In order to present yourself well at a job interview, you need to prepare in detail. You have to thoroughly research the company and the principle goals of the organization. Once you've done that, you will want target your responses to the skills and attributes they are seeking in a future employee.
Mature job-seekers face special challenges. It is common knowledge that younger employers are likely to hold several negative stereotypes relating to age. Perhaps the most prevalent of these is that you lack the necessary technical skills for the job. There is one surefire way to counteract this presumption.
Today's job search is a difficult process. If you're currently out there looking for work, you know the roadblocks, frustrations and daily grind involved in finding a new position. Plus, if you're over 50, you have additional hurdles to overcome. Age bias is real and all too prevalent in the job market. Nevertheless...
The most elemental (and often most difficult) aspect of a job search is to precisely and powerfully describe who you are, what you're going for and how you can contribute. These three elements comprise the foundation of your branding campaign and form an integral component to each of the ways you will be presenting yourself to potential employers.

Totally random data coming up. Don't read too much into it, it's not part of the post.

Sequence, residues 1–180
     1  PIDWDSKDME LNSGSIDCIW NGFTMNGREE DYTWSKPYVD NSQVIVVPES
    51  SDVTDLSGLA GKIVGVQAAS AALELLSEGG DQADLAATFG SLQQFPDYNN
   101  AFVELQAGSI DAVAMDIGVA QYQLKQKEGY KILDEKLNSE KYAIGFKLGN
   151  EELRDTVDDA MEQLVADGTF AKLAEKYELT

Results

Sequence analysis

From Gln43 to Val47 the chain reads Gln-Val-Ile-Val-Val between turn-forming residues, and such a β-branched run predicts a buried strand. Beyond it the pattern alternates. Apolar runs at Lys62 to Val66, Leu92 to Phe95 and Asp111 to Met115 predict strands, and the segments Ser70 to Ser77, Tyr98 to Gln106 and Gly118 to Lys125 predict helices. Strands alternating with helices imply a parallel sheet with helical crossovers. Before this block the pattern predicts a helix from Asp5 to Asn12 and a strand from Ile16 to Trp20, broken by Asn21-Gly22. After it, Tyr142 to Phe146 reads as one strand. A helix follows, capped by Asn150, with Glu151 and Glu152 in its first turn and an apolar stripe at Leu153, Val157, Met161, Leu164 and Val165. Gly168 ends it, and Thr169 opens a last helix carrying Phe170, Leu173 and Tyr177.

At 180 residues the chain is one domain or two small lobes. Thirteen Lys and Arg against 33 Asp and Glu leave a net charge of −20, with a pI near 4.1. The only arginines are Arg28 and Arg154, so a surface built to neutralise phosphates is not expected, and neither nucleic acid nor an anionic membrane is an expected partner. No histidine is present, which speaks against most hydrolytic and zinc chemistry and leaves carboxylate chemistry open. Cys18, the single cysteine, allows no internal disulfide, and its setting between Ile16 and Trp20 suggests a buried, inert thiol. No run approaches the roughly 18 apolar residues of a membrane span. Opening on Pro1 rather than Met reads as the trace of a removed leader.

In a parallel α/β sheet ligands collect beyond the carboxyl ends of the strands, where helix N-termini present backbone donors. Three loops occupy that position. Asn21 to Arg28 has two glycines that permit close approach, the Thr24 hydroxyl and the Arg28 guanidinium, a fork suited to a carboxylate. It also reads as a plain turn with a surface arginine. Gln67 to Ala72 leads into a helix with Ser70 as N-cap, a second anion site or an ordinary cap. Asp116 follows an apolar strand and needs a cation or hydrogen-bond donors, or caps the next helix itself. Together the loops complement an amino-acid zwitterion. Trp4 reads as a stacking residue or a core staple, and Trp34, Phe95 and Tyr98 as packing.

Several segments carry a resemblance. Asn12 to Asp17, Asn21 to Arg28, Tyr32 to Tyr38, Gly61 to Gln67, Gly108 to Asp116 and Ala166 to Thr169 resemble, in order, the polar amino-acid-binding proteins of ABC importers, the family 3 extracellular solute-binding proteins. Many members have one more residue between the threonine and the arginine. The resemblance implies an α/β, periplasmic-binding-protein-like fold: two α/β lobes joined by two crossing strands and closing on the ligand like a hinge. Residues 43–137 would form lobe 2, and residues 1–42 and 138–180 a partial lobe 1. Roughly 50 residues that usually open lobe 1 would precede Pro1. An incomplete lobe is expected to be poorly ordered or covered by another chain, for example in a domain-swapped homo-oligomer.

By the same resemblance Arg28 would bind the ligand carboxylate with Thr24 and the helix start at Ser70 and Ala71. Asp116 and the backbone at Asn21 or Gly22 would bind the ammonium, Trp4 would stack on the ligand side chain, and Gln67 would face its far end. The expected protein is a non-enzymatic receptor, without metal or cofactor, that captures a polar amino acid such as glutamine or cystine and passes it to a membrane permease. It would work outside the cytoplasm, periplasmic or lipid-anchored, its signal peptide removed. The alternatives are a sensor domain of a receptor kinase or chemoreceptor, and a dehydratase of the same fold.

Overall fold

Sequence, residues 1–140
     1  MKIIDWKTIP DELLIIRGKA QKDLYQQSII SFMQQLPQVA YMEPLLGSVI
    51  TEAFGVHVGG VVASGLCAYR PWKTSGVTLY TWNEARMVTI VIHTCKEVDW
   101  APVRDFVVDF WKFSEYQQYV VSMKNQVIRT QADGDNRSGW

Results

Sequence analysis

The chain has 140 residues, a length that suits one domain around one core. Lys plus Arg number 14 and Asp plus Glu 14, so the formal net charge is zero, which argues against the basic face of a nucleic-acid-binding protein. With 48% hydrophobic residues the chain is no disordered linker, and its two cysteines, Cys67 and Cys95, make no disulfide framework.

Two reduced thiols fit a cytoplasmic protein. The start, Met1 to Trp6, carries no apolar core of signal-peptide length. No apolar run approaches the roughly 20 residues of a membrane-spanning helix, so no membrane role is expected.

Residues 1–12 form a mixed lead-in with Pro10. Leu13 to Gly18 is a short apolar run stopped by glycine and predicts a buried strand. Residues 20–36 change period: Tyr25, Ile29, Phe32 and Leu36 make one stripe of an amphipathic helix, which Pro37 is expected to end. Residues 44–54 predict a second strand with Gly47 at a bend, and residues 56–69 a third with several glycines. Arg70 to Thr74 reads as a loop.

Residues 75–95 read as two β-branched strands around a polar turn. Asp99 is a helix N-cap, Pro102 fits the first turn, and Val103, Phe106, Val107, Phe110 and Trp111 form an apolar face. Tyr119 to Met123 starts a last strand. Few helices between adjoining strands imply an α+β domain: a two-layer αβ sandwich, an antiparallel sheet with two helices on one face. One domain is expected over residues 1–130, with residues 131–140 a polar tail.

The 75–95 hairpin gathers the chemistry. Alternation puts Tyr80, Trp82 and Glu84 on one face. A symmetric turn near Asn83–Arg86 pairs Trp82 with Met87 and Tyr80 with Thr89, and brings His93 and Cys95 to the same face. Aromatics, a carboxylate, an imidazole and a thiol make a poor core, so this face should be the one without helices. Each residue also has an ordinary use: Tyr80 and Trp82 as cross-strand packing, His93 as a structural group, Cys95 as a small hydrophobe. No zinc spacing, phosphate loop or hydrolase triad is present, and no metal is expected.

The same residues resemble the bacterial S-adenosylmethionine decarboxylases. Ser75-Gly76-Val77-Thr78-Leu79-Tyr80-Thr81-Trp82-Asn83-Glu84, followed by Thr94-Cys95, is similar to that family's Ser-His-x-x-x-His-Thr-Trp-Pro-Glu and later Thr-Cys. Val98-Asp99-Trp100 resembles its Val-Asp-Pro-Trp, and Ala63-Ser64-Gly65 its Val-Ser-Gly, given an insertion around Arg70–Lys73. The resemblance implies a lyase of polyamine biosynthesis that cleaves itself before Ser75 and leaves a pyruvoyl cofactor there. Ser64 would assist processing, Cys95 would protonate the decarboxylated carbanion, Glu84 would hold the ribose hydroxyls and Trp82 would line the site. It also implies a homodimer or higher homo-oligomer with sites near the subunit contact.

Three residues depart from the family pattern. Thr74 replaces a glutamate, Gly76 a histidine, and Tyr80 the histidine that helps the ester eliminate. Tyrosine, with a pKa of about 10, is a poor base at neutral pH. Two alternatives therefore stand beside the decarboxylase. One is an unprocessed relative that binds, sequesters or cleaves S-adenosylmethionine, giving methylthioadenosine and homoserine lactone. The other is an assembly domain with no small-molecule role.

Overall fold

He remembers the exact date -- November 30, 2008. That is when Hue Galloway of New Britain, Connecticut was laid off with just a week's notice from his job repairing printers and computers throughout the state. His annual evaluations, he said, had been good -- 30 years of experience and 'never a bad review,' but that didn't keep him from being let go without any real explanation.
Through my work I come in contact with many folks who feel stuck. I hear their stories and see that their spirits are depleted. I work to help them solve problems related to senior relatives who need assistance but I also wish I could help them get out of their job ruts. Yet how do you get un-stuck when you have mouths to feed and a mortgage to pay?
I thought I was set for life is the most common phrase I heard in interviews with older Americans who lost their jobs as a result of the recent recession. Over their careers, they had received promotions, praise, and bonuses. Then one day, sometime after the economic downturn began in 2008, they were told they were no longer needed and ushered out the door.